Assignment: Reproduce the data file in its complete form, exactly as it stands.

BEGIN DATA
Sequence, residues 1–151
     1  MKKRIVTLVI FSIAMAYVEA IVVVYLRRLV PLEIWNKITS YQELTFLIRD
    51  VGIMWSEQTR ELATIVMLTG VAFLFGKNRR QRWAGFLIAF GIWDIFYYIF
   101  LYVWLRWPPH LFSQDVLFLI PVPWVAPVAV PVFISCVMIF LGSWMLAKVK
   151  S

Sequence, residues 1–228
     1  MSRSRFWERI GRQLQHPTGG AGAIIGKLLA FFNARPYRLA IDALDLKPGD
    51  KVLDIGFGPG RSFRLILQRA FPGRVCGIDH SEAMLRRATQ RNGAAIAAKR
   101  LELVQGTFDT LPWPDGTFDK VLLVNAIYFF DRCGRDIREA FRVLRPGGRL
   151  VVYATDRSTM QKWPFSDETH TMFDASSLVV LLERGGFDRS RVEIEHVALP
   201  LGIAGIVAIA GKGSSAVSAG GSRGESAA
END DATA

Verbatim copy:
Sequence, residues 1–151
     1  MKKRIVTLVI FSIAMAYVEA IVVVYLRRLV PLEIWNKITS YQELTFLIRD
    51  VGIMWSEQTR ELATIVMLTG VAFLFGKNRR QRWAGFLIAF GIWDIFYYIF
   101  LYVWLRWPPH LFSQDVLFLI PVPWVAPVAV PVFISCVMIF LGSWMLAKVK
   151  S

Sequence, residues 1–228
     1  MSRSRFWERI GRQLQHPTGG AGAIIGKLLA FFNARPYRLA IDALDLKPGD
    51  KVLDIGFGPG RSFRLILQRA FPGRVCGIDH SEAMLRRATQ RNGAAIAAKR
   101  LELVQGTFDT LPWPDGTFDK VLLVNAIYFF DRCGRDIREA FRVLRPGGRL
   151  VVYATDRSTM QKWPFSDETH TMFDASSLVV LLERGGFDRS RVEIEHVALP
   201  LGIAGIVAIA GKGSSAVSAG GSRGESAA